However, the authorities were not satisfied with the strategy of repeating texts and more and more often required “real things” to be provided, in particular the “past as it really was,” and demanded museums find original items that would represent an “objective picture of the past”, “reality”(11). Statements made by the state leadership were not meant to remain just statements, but to become incarnate reality. This attempt to overcome the division between reality and its representation, between the intention and its incarnation, form and content, in fact, was characteristic of the whole utopian ideology and artistic method of socialist-realism(12).

In addition, museums had to instantly respond to current events and make the exhibitions revolve around the current events of the day. Excessive focus on the past could be read as a symptom of a dangerous “idealisation of patriarchy”, “delight in the old days”, as an attempt to flee from socialist reality. As we can see, this is very similar to current approaches to museums – they should be close to the life experience of the community and should address the problems of the current reality. But in fact, this “reality” was embodied in the revolutionary dynamics as the ideas and plans of the party and its leaders. The museum became a reflection of an expected, future, a never-actually-unattainable reality that appeared to be the already available “here and now”.

However, authoritative texts – on which exhibitions were based – contained only general statements, and often one had to determine the ideological tendencies intuitively. The role of local museums and their employees remained very important, particularly because of the need to present more general statements in the concrete form of local artefacts. This task of presenting above all local material was endlessly pointed out in numerous manuals and instructions: this was how the grand narrative of Soviet history was supposed to become “closer to the people” and take the form of well-known, local things: “our own” things(13).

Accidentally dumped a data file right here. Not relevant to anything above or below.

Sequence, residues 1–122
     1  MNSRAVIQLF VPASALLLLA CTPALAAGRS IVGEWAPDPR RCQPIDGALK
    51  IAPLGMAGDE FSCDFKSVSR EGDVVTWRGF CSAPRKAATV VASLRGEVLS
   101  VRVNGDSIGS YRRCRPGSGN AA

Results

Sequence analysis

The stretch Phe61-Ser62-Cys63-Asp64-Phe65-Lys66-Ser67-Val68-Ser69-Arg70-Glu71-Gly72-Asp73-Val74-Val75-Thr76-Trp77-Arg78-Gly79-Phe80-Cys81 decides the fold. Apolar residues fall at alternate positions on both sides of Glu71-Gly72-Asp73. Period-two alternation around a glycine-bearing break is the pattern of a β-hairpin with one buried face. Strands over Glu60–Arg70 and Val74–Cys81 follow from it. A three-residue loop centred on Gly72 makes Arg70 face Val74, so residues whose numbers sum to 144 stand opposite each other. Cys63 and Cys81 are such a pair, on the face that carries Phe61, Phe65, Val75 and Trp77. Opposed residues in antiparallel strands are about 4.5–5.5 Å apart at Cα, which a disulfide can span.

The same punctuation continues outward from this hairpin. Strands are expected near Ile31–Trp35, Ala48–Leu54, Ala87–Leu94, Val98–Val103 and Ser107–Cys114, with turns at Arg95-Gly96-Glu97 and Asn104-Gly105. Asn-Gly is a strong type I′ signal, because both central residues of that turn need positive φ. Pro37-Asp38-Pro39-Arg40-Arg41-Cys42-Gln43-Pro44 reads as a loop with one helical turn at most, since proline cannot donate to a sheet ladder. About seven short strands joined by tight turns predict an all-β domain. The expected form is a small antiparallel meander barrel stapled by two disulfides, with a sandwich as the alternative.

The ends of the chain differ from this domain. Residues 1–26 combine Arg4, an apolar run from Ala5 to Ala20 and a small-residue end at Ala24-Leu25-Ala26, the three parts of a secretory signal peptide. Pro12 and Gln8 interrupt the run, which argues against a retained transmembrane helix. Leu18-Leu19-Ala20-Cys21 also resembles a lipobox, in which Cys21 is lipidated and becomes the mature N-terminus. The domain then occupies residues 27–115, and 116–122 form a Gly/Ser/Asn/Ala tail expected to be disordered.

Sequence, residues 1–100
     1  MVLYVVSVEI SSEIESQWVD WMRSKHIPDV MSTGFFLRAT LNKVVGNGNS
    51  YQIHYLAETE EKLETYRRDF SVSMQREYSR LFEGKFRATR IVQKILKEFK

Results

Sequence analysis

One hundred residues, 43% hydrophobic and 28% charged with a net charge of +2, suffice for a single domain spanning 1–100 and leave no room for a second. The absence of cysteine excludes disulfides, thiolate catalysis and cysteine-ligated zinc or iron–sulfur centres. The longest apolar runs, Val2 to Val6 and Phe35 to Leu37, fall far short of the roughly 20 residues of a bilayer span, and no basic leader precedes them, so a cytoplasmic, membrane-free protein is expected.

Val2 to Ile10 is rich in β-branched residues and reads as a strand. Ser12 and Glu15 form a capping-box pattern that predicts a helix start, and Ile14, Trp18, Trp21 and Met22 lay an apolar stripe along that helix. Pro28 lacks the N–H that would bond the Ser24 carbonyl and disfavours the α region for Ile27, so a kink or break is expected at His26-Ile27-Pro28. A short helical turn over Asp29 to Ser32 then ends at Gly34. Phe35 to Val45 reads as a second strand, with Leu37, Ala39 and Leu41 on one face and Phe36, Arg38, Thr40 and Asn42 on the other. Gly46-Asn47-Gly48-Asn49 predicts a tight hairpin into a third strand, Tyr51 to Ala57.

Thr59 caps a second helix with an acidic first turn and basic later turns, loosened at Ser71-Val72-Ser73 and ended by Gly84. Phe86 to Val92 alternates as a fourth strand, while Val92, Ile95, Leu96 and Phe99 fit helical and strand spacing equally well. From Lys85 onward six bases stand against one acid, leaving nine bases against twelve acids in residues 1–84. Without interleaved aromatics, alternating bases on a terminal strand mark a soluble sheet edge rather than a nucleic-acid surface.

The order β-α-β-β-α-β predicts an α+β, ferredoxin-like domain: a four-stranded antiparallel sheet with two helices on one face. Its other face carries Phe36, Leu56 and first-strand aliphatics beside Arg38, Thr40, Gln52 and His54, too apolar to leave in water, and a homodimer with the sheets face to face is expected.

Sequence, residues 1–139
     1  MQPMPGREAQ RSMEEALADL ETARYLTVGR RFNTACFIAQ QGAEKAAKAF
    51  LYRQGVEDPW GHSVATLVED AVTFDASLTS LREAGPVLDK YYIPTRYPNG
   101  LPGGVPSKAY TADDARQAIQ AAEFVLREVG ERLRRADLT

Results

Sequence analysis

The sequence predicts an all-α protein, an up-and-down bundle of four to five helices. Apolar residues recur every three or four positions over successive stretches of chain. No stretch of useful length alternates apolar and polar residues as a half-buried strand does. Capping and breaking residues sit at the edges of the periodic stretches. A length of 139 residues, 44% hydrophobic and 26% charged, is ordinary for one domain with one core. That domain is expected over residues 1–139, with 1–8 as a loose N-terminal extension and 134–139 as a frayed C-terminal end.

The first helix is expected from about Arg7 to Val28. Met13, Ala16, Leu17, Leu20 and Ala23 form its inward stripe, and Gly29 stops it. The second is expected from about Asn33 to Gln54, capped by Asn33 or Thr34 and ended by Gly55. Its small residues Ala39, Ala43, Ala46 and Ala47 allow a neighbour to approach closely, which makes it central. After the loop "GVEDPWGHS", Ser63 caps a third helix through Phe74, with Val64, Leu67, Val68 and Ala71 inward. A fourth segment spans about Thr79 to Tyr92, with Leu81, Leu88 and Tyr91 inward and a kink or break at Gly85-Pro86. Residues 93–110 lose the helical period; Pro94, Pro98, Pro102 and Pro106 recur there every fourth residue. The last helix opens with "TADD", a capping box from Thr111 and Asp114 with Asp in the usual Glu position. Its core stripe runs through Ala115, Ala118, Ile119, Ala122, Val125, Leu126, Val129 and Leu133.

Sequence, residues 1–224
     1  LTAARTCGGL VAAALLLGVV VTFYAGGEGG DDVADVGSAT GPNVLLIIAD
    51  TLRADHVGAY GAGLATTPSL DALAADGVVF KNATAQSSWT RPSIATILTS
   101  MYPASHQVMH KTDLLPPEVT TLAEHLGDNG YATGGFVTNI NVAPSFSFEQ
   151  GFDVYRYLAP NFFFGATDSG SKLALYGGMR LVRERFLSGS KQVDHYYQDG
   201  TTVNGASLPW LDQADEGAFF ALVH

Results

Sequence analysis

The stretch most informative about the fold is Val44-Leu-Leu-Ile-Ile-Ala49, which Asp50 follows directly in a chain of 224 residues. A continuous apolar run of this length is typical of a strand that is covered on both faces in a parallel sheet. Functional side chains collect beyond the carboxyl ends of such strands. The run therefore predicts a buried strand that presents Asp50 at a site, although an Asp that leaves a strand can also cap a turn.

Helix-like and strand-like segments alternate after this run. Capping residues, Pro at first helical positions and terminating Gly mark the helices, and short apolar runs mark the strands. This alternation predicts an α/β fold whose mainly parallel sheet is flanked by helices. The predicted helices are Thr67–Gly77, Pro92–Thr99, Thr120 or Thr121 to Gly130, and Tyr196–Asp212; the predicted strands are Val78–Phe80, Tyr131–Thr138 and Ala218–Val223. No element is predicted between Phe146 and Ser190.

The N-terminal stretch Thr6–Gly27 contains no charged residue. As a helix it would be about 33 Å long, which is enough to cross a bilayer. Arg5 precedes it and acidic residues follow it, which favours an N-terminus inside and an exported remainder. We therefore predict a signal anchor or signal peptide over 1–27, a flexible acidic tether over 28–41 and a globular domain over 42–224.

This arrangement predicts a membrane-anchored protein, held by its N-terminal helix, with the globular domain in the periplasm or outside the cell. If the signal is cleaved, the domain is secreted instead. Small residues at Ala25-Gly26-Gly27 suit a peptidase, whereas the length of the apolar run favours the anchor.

This required much more ingenuity, skill and independent interpretive work which museum workers tried to avoid in order not to take responsibility for it. Trying to get detailed information at the highest levels about how an exhibition should be built in accordance with the latest ideological trends and at the same time on the basis of specific material did not always meet with success.(14) It was typical that the approval of plans in the Party Committee and that verification commissions, which examined exhibitions, were not usually considered by employees of museums to be a foreign hostile force, designed to expose the ideological errors of the museum staff. On the contrary, inviting senior officials to inspect the exhibition was the easiest way of legitimising it, a possibility to shift the responsibility for it onto these officials and, accordingly, to reduce the fear of possible charges for any mistakes(15). In addition, those checking the exhibitions were seen as an additional source of information about the most recent developments in the ideological line of the party.

Regional museums in small towns, in addition, were subject to the oversight of large, oblast museum-chiefs. Thus, a clear hierarchy was produced, and the contents of exhibitions in smaller museums became limited: they were, above all, meant to reflect purely local events and heroes, especially achievements regarding the construction of socialism and the wise plans of the Party regarding their own town or region. Reviews of thematic exhibition plans for regional museums often stressed the need to use more local material(16), which in practice basically meant provincialisation, ridding local issues of any link with the global or national context. Regional museums were accustomed to the fact that their role was to present general ideas using specific local examples. All the variety of local exhibits, and the uniqueness of local history, were seen as important “frills” which would help to convey the general idea of the historical process better, to decorate it and make it more relatable for the visitor.